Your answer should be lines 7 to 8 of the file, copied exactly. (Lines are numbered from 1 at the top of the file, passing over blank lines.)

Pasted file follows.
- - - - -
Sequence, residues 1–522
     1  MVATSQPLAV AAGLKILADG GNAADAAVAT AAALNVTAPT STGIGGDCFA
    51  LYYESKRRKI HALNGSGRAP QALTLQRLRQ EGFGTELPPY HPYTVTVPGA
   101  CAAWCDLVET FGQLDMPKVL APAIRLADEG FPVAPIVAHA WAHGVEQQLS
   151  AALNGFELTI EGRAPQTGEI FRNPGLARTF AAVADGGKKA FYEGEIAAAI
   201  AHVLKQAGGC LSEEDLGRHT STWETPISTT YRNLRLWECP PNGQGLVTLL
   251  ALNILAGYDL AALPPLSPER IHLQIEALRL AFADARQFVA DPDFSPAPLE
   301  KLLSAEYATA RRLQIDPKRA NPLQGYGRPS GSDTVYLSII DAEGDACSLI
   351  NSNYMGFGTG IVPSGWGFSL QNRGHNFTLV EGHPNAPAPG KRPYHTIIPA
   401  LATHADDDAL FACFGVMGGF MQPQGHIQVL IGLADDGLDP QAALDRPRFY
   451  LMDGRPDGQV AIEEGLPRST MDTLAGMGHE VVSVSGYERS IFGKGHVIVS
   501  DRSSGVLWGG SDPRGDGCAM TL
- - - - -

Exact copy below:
   251  ALNILAGYDL AALPPLSPER IHLQIEALRL AFADARQFVA DPDFSPAPLE
   301  KLLSAEYATA RRLQIDPKRA NPLQGYGRPS GSDTVYLSII DAEGDACSLI